"Any prisoner disobeying will be shot."

"There is something that promises!" cried Captain Lescault, pointing to the sky.

Southward, over the lines, appeared a squadron of swift French airplanes, coming over the German lines. Almost instantly German aircraft began to rise from the ground, going to meet the invaders of the air.

Over the purring of the engines sounded the sharp, continuous rapping of machine guns as the opposing craft fought each other.

Two German planes came crashing down to earth. More appeared in the air, until the French flyers, outnumbered, turned and flew back over the French lines.

"I believe our flyers got what they wanted," whispered the same

French officer to Prescott.

Five minutes later the Frenchman whispered exultingly:

"Ah, I was sure of it! Our airmen were spying for the artillery.

Now you shall see things happen."

In the air sounded a screech. Then, less than three hundred yards further down the road a French shell exploded, overturning a motor truck and killing both Germans on its seat. The truck itself was a wreck.

Crash! Another shell landed in the road, bowling over two officers at the head of a body of oncoming soldiers. The next shell landed in a mass of marching German infantry, killing and wounding several. Then, for five minutes a hurricane of shells descended on that road, wrecking trucks, killing and wounding more than a hundred men in German marching detachments, and chasing all troops from the road.

"That does not win the war!" growled the German corporal in charge of the officer-prisoners. "It is only French mischief!"

Hardly had the shell hurricane ceased when some hundred men, under guard, came marching down from the prison camp. These were halted, at the edge of the field, just behind the officers.

An hour passed before another detachment of prisoners was marched down the road and halted. Later more came. Noon had passed before the final detachment arrived.

It was wearisome, but Dick Prescott did not feel that he had wasted his time. Full of the hope of escaping, some

day, he had watched covertly everything that he could see of German army life and movements behind the fighting line. Also, from several incidents that he witnessed, he gained a new idea of German military brutality.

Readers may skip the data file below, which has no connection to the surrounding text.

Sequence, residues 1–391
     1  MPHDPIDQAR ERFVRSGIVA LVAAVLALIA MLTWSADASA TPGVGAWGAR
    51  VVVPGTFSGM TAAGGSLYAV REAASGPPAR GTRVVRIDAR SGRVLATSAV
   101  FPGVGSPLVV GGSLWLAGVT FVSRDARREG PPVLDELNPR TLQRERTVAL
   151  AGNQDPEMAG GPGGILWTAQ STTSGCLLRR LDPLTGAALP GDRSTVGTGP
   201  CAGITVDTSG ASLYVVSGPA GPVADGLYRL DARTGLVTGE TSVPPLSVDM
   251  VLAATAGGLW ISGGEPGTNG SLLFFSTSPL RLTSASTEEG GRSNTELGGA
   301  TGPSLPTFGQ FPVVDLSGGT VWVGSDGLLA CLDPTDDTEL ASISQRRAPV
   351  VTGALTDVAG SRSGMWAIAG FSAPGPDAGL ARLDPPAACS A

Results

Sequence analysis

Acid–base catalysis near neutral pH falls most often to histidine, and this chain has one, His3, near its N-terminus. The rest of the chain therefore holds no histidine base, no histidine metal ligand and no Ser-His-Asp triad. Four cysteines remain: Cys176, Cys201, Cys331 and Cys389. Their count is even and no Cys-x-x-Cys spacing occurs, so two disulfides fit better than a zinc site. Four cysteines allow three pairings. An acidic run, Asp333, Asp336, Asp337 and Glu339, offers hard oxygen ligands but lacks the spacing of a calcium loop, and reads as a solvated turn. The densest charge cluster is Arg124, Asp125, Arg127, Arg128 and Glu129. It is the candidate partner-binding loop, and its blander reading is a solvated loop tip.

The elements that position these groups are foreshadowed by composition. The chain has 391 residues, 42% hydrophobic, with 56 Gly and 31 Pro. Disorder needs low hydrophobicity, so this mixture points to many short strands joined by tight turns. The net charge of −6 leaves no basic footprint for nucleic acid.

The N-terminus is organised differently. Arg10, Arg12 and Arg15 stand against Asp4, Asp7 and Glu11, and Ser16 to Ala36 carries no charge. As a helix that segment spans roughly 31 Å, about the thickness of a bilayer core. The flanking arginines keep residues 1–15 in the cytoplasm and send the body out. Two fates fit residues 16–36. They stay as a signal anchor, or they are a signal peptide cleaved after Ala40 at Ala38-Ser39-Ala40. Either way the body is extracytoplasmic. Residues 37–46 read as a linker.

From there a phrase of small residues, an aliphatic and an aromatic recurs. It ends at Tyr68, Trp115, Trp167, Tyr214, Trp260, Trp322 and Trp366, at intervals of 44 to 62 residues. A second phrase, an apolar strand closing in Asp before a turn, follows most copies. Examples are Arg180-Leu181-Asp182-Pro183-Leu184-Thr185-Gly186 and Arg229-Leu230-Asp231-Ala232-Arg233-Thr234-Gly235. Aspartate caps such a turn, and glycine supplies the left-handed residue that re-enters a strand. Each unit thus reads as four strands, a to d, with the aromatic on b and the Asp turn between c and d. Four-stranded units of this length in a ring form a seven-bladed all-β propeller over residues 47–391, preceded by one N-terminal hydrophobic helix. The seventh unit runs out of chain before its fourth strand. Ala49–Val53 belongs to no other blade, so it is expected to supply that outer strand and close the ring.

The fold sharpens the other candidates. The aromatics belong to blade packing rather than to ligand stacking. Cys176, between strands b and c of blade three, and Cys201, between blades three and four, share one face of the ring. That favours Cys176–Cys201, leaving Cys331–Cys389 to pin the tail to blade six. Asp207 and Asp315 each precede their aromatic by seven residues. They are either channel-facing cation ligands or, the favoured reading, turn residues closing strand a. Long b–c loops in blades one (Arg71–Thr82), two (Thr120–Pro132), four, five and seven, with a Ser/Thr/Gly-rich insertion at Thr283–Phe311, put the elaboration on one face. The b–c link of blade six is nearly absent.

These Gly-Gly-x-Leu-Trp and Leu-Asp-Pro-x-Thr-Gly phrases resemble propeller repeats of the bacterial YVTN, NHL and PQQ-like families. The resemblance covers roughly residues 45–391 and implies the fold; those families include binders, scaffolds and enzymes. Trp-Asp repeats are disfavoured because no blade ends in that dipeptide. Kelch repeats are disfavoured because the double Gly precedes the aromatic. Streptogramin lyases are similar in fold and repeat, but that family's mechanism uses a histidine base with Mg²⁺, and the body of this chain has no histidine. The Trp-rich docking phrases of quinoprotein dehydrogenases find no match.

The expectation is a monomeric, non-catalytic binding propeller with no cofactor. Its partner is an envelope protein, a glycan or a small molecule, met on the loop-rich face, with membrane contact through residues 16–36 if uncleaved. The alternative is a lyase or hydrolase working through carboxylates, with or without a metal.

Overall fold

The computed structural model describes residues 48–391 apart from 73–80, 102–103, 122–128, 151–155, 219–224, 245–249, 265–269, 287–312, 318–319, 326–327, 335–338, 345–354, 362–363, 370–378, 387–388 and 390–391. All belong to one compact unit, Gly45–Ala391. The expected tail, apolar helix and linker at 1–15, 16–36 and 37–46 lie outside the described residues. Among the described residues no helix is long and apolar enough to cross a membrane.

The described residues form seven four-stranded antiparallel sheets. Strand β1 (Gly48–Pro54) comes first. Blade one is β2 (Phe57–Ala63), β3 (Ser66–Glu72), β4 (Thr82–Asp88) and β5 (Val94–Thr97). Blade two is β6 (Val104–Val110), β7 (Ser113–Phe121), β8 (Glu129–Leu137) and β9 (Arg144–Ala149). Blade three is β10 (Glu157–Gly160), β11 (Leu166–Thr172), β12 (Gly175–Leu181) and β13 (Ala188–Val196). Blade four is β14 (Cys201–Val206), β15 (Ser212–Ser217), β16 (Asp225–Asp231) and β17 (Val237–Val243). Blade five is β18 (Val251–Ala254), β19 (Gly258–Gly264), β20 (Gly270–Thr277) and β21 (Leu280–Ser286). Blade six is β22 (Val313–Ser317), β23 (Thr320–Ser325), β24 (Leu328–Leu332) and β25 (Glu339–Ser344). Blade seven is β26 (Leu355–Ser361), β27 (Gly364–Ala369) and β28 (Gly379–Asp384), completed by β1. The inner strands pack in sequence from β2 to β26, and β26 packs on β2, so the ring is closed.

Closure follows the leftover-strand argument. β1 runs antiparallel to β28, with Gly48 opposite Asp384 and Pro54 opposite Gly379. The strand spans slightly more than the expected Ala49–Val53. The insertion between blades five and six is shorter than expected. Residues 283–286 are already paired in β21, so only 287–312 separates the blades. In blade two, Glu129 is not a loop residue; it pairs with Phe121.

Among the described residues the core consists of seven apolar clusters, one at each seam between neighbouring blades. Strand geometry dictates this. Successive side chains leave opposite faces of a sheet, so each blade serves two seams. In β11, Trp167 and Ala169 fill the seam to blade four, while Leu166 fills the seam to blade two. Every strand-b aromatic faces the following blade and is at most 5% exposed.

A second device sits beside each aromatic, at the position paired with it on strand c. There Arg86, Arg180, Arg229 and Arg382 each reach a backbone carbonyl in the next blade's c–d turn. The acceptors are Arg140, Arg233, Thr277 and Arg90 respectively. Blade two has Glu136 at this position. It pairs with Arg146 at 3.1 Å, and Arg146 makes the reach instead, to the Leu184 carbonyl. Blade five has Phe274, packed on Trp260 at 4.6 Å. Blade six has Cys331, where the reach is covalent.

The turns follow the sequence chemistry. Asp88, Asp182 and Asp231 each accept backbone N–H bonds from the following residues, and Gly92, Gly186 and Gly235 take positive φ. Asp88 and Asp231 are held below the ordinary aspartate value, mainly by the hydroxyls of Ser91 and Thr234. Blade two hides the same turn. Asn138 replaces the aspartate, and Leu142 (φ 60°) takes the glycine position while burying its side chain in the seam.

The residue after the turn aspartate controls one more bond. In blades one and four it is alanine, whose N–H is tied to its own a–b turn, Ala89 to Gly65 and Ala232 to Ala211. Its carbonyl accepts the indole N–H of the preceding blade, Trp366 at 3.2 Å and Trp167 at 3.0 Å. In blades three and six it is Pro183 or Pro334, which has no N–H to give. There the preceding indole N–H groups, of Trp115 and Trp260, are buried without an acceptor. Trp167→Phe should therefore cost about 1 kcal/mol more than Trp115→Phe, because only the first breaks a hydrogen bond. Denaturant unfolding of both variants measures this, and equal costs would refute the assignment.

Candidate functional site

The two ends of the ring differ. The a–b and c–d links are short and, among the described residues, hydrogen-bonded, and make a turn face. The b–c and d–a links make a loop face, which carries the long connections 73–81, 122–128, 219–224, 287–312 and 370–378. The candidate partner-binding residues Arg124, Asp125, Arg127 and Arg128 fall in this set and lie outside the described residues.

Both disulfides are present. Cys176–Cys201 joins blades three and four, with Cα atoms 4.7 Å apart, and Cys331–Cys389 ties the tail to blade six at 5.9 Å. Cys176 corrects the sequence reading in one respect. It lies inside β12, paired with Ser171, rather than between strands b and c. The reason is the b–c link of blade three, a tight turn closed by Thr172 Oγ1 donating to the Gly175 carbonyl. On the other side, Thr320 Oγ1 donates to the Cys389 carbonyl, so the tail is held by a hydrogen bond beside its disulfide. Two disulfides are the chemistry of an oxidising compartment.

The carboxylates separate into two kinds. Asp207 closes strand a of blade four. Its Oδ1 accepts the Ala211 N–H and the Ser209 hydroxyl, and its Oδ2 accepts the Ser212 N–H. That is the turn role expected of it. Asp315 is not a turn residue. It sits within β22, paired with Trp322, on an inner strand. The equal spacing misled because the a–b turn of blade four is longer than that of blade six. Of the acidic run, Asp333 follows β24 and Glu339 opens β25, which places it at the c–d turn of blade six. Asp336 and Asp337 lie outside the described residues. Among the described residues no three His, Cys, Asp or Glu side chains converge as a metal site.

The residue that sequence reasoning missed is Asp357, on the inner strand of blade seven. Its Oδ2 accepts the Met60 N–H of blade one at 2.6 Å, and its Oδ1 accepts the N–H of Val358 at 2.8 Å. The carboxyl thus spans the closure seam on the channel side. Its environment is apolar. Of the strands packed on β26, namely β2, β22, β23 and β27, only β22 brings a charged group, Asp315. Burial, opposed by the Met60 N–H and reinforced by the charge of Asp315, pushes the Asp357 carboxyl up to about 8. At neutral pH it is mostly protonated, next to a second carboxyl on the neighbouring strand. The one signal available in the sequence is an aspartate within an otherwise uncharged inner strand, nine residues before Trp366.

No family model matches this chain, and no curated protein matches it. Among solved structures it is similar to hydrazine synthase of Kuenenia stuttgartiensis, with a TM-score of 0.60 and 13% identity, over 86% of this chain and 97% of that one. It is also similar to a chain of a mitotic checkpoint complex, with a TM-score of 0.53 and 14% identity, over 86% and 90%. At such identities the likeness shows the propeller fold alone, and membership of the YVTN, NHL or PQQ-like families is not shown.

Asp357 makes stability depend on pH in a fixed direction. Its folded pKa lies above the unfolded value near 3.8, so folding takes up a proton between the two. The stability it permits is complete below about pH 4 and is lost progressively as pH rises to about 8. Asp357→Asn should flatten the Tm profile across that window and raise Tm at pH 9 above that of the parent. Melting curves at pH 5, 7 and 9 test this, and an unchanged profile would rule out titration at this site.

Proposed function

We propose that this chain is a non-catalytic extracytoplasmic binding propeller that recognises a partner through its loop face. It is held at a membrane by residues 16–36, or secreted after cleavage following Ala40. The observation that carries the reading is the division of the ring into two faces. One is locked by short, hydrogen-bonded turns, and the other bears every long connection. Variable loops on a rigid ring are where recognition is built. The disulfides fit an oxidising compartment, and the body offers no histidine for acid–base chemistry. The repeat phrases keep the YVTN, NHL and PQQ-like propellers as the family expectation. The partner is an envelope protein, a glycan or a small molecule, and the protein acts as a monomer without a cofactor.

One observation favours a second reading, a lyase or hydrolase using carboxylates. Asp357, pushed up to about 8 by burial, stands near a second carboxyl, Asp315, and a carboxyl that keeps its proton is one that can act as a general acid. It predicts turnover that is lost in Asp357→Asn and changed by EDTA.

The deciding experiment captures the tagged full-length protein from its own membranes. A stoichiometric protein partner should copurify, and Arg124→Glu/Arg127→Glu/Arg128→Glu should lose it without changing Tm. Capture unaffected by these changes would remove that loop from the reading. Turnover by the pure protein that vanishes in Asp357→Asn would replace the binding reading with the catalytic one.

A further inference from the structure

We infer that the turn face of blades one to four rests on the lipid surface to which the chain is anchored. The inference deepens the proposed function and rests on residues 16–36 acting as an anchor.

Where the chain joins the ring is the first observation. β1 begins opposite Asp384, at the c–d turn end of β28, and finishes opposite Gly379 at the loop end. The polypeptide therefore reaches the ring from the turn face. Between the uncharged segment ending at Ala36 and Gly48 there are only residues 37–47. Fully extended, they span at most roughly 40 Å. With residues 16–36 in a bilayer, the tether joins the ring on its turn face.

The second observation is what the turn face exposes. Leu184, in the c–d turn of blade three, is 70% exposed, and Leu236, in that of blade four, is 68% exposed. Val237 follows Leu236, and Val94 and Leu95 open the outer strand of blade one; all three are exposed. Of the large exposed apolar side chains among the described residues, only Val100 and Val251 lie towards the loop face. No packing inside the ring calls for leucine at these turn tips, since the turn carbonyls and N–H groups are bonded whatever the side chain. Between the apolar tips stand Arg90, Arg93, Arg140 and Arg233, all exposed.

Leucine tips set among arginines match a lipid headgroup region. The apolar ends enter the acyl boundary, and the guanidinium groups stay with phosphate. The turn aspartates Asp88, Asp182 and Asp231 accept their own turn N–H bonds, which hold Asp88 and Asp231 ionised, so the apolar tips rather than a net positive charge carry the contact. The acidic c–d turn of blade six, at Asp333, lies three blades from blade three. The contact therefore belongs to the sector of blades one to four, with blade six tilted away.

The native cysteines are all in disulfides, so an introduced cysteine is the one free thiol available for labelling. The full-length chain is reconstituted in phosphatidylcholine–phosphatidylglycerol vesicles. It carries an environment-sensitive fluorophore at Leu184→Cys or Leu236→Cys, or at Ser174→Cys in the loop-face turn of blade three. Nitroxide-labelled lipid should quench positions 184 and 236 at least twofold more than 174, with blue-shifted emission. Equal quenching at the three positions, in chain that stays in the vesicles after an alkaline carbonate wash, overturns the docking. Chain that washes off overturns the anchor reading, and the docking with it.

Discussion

One scene that made his blood boil was when a French officer, a wounded man, and suffering also from hunger, let himself slide to a sitting posture on the ground.

"Here, you!" ordered the German corporal advancing threateningly.

"You have been told that you must stand in line."

"But our comrade is weak from loss of blood," interposed another

French officer who spoke German.

"Take that for your meddling," retorted the corporal, landing the back of his hand stingingly on his informant's face. It was a humiliating blow, that a prisoner could not resent in kind.

"Get up," ordered the corporal, "or I shall aid you with my bayonet."

Though the words were not understood by the sufferer, the gesture was. He tried to obey, but did not rise fast enough to suit the corporal.

"Here," mocked the fellow. "That will help you!"

His bayonet point passed through the seat of the victim's trousers, more than pricking the flesh inside.

"Coward!" hissed Prescott and three of four of the French officers.

"If you don't like it, and are not civil," raged the corporal hoarsely, "I shall beat some of you with the butt of my gun."

Subsequently a French officer who had stepped a foot further than he was supposed to stand was rebuked by the corporal's gun-butt striking him on the knee-cap. After that the prisoner limped.

"These brutes ought to be killed--every one of them!" Dick muttered disgustedly to a French officer near him.

"Most of them will be, before this long war is over," nodded the

Frenchman, "but a soldier's death is too fine for such beasts."

Finally a German officer arrived. Under his crisp orders the now long column of prisoners moved out into the road, forming compactly and guarded by at least forty infantrymen. The order to march was given. With only two halts the prisoners were marched some eight miles, arriving late in the afternoon at a railway yard.